Does Tesla Motors Inc (TSLA) Stock Belong in Your IRA?

Tesla stock - Does Tesla Motors Inc (TSLA) Stock Belong in Your IRA?

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A couple of years ago I wrote an article for InvestorPlace that pitted Tesla Motors Inc (NASDAQ:TSLA) against Apple Inc. (NASDAQ:AAPL) in the ultimate battle of tech darlings. Tesla stock or Apple stock? Which stock should investors entrust their hard-earned money to?

Tesla is now self-driving

Source: Tesla

Not an easy decision, then or now.

In hindsight, the quick answer to that question is Apple, whose stock has appreciated 16.3% over the past 26 months compared to a 32.8% decline in the TSLA stock price. It’s ironic, though, given that Tesla’s recent quarters have seen some of its best financial numbers in the company’s history, while Apple is mired in sales declines.

Why is Tesla stock reversing its field? Why is the world round? There are so many reasons it has gone into a funk the closer it has gotten to actual profitability.

A Few Reasons for Caution

Still, InvestorPlace feature writer James Brumley recently provided several reasons why it makes sense to wait and see what happens with Tesla before investors pile on the next leg up to financial immortality.

Specifically, Brumley mentioned three things to consider before buying TSLA stock:

  1. Has Elon Musk bitten off more than Tesla can chew with its SolarCity Corp (NASDAQ:SCTY) acquisition? Does it really need this distraction as pushes toward profitability? TSLA’s downward trend says investors think not.
  2. Can Tesla get the cost of producing a vehicle in the vicinity of its gas-powered peers? Industry experts say it costs Tesla $81,000 to produce a single vehicle. Hedge fund manager Mark Spiegel reckons with economies of scale and the use of steel instead of aluminum, Tesla could drop that number to $48,000, 27% higher than the suggested price of its new, supposedly affordable Model 3.
  3. Competitors like General Motors Company (NYSE:GM) are purposely ramping up their electric car production so they can offset the great fuel consumption of the Chevy Bolt and Volt against their bigger SUV gas guzzlers.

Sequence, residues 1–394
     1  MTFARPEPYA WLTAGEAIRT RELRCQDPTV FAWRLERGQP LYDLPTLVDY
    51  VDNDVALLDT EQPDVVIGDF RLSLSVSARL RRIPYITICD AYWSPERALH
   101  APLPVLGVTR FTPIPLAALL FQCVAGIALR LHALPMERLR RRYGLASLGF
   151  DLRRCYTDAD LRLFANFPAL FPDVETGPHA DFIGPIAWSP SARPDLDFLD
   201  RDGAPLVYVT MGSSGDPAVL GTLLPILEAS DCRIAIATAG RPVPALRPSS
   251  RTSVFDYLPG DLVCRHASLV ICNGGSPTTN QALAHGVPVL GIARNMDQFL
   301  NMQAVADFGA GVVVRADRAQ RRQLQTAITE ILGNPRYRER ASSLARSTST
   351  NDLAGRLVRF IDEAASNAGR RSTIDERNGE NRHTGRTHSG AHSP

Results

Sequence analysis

If the market for electric vehicles expands beyond the 2% to 3% of total vehicles produced every year, the consensus is that Tesla won’t be able to keep up.

Look, I’m a fan of Elon Musk. It’s not Donald Trump who will make America great. It’s brilliantly passionate people like the Tesla CEO who will — hands down.

“In keeping with a fast-growing technology company, all free cash flow is plowed back into R&D to drive down the costs and bring the following products to market as fast as possible,” Elon Musk wrote in 2006. “When someone buys the Tesla Roadster sports car, they are actually helping pay for the development of the low-cost family car.”


That said, Tesla is probably not the best stock to have in your 401k or IRA — if you’re retiring anytime soon.

Tesla Stock Definitely Isn’t a Retirement Pick Now

Here’s what I said in 2014:

“I’d suggest you buy an ETF that holds Apple and/or Tesla stock if you’re 10 years or less from retirement. If you’re between 10 and 20 years to retirement, I’d go with AAPL stock. And if you’re 20 or more away from hanging them up, I’d go with Tesla stock.”

Nothing’s changed in my opinion.

Assuming an average retirement age of 65, I’m comfortable recommending that investors 45 or younger seriously consider TSLA stock for their retirement accounts. Of course, many 401k plans — which most people have — either don’t allow individual stocks or make it cost prohibitive.

If you have a 401k, where it makes sense, buy Tesla, and if it continues to go lower, you’ve got loads of time for it to recover. And if you can’t put it in your 401k, consider putting it into an IRA instead.

There’s only one caveat.

Make sure TSLA stock represents no more than 5% of the overall market value of your plan, regardless of the type. Besides, your equity funds or ETFs held in the plan will likely own TSLA stock as well, so there’s no need to overdo it.

Is there risk investing in Tesla stock?

Absolutely, there is. But if you diversify appropriately, in 20 years, it won’t matter if Tesla ultimately goes broke.

I say put TSLA in your retirement accounts, but only if you’re prepared to wait.

As of this writing, Will Ashworth did not hold a position in any of the aforementioned securities.

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